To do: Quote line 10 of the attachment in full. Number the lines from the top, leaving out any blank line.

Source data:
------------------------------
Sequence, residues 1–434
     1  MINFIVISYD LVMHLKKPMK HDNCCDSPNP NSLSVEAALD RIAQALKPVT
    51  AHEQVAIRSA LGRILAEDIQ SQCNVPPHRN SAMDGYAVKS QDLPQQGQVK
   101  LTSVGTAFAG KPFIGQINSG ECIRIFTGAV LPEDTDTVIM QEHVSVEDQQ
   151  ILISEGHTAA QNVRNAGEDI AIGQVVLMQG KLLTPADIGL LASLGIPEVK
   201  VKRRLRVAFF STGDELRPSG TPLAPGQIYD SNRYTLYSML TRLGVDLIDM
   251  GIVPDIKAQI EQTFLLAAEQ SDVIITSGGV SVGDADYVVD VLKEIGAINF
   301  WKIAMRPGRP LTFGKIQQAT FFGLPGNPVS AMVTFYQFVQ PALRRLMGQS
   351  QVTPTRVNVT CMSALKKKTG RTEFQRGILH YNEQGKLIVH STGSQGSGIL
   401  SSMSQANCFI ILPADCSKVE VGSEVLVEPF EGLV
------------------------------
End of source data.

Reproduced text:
   401  SSMSQANCFI ILPADCSKVE VGSEVLVEPF EGLV